On the eve of our Independence Day and the aftermath of our Olympics campaign, the real national ‘sport’ of India took its place under the limelight – of course, blaming, by the fans. We blame the government which has corruption penetrating into each layer of its hierarchy, the sportspersons who apparently do not put enough hardwork, the Sports Ministry again for not providing the athletes with world-class training facilities, the coaches for neglecting the ethics of the games, and even the weather, for not being conducive to sports. Sigh. Will our list of blames and accusations ever end? Maybe, maybe not. But we in our incessant index of implications, we fail to mention one of the fundamentals of sport, one of its cornerstones – an integral ingredient devoid of which sport, simply would not be as spectacular as it is now. The fans of course.
An average Oxford dictionary would define the word ‘fan’ as ‘a person who has a strong interest in or admiration for a particular sport, art form, or famous person’. And it would be hard not to agree with this definition, to be frank. Any sport or for that matter, anything we do in the world in itself today, is born out of some desire to have people who develop a curiosity and perhaps appreciation for it. Maybe even inspire people. Once you gather attention and high regard for your work, you start to spend more time on it, striving to make it better and further supplying your new ‘fans’ with the kind of work that would further impress them.
Now, back to the topic. Let me ask you, how many of you watch the I-League? Or follow the Indian Hockey Team? Or regularly look out for updates of Sushil Kumar and MC Mary Kom and endless other boxers and wrestlers’ competitive fixture?
I-League football seems of ‘lesser’ quality to us, because we’ve just been gaping our mouths at the Champions League and shrugging off the Indian clubs. Could we do some more than that? I-League matches are reasonably priced for practically anyone to step in and enjoy the football. Seeing empty stands makes my heart convulse – Indian clubs’ football is pretty enjoyable once you start watching it extensively. We may not have the Adidas and Nike sponsored jerseys and studs of the European Leagues, only Nivia and Star Impact. We may not have strikers who look alluring (girls, this goes to you) and change their hairstyle at halftime. But people, this is our league. The Indian League. For those who have watched it, I plead you continue watching, because believe me, this sport in India has miles to go and the stars in its eyes. And to those who haven’t watched it yet, go watch one Kolkata derby between East Bengal and Mohun Bagan. That, my friends, is perhaps the greatest ever advertisement for the I-League.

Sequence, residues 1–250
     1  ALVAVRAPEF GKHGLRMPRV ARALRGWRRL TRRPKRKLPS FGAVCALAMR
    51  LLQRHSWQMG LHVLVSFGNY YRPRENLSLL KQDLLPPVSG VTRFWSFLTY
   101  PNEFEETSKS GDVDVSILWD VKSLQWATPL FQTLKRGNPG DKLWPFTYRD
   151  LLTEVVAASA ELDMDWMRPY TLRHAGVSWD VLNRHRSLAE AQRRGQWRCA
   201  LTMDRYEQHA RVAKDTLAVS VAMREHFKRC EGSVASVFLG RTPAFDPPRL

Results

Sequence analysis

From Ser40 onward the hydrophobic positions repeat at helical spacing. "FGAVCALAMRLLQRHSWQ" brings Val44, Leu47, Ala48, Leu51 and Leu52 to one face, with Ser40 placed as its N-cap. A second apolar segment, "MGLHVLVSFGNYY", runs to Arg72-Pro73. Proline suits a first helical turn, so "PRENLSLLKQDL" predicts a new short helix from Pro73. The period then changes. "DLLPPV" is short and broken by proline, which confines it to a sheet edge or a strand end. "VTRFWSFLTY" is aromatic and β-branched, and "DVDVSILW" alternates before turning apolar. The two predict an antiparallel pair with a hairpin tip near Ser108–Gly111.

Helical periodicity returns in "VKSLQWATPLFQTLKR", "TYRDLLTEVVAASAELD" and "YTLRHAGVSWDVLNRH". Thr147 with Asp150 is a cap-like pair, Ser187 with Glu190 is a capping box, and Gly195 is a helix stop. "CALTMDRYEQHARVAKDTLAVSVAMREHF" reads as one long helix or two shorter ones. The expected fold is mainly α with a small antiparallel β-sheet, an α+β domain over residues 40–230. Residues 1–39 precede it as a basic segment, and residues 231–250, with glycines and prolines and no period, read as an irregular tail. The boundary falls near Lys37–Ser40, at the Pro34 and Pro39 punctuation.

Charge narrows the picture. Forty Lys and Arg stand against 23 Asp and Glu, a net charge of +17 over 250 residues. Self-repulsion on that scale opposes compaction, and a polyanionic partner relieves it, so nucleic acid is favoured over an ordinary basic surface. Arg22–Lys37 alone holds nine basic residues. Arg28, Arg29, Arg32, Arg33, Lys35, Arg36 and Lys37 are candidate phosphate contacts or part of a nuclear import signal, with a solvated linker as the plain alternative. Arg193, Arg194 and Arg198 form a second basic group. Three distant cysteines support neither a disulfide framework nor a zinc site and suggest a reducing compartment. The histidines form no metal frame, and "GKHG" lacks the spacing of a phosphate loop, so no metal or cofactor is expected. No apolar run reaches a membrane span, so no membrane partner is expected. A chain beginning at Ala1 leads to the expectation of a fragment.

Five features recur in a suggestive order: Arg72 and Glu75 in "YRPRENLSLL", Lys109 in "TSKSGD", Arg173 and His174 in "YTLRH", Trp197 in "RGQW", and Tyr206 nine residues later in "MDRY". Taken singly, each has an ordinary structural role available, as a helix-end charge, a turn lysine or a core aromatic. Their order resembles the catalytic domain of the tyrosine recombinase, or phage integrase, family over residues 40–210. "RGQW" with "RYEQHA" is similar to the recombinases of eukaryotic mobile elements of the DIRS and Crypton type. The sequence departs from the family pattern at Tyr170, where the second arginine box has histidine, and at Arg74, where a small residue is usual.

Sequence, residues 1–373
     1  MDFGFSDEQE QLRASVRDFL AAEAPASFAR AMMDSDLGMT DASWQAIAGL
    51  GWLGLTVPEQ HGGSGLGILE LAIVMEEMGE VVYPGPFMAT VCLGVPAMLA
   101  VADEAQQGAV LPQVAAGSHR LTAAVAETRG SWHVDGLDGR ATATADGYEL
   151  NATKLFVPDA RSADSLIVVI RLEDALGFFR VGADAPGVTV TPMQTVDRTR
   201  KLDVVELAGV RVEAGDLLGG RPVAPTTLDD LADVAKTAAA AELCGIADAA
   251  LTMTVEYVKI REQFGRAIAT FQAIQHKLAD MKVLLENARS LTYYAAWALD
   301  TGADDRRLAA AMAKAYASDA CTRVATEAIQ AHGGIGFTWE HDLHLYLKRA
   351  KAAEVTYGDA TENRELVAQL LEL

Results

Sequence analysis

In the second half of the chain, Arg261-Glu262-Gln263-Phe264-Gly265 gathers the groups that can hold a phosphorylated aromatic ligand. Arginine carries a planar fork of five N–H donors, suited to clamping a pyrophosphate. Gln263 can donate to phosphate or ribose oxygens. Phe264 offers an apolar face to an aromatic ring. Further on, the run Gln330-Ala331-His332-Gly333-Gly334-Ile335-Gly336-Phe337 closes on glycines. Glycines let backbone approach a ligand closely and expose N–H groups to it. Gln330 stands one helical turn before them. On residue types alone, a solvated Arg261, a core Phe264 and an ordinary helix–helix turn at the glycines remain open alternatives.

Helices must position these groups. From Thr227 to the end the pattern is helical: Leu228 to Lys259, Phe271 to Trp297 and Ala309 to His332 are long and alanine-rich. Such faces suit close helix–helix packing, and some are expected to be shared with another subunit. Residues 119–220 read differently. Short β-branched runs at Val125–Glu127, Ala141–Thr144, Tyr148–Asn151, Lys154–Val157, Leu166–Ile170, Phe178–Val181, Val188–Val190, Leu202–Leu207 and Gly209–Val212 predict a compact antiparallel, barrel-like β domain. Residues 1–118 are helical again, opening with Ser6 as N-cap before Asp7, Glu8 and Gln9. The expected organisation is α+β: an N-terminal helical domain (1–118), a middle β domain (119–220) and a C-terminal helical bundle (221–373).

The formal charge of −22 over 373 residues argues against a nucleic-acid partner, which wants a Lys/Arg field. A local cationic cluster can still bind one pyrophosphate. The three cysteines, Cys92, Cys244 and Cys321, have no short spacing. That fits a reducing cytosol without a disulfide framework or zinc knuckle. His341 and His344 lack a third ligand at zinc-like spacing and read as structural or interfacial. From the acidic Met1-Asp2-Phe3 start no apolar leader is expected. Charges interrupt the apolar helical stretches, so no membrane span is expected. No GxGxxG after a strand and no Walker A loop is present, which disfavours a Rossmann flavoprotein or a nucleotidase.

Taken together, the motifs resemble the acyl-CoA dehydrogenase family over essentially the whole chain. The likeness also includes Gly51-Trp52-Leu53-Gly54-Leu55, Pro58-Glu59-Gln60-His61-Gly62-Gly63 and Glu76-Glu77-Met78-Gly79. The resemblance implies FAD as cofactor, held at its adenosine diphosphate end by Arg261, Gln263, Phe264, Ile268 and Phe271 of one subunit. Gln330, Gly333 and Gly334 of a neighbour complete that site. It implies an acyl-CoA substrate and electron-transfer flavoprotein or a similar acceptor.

Aah, our dear wrestlers, boxers and shooters. Those revered national heroes that seldom don’t come back with medals. Those hardworking souls whose existence we only remember once every 4 years and that too, only those who are ‘lucky’ enough to make it to the finals stages. Does anyone follow the championships that Vijender or Sushil participate in, in the void between the instalments of the Olympics? Or the records that our shooters Gagan Narang and Bindra set? If our nation’s so called sports fans been a bit aware and done some homework, they would’ve been less surprised that Vijay Kumar turned up a medallist – after all, he is the Arms Specialist of one of the most efficient armies in the world.
The Indian Hockey Team, to be honest, is in a mess like never before. And what did we do? Just sit at our plush sofas, sipping at hot coffee and shaking our heads, tut-tutting at the state of our ex-National Sport.
What can we do? “Arrey yaar, yeh India hai. Yah aisa hi hota hai aur aisa hi hota rahega”, will be the astounding reply. But, are you even trying? Imagine, in a few years, when the population watching I-League football rises exponentially, when seats at every match are sold out months beforehand, coveting for autographs of stars like Nabi, Nirmal Chhetri, Gurpreet; discarding our ‘Rooney’ and ‘Messi’ jerseys for one of ‘Jeje’ or ‘Martins’ or ‘Odafa’, preferring to watch the pre-match with Bhaichung Bhutia and Novy Kapadia instead of Paul Parker and Steve Dawson. Seems something to look forward to right? We can achieve this, only if every one of us pledges to be a fan of our own nation’s sports first.
All I want to say is, “Yeh desh badlega. Hum badlenge”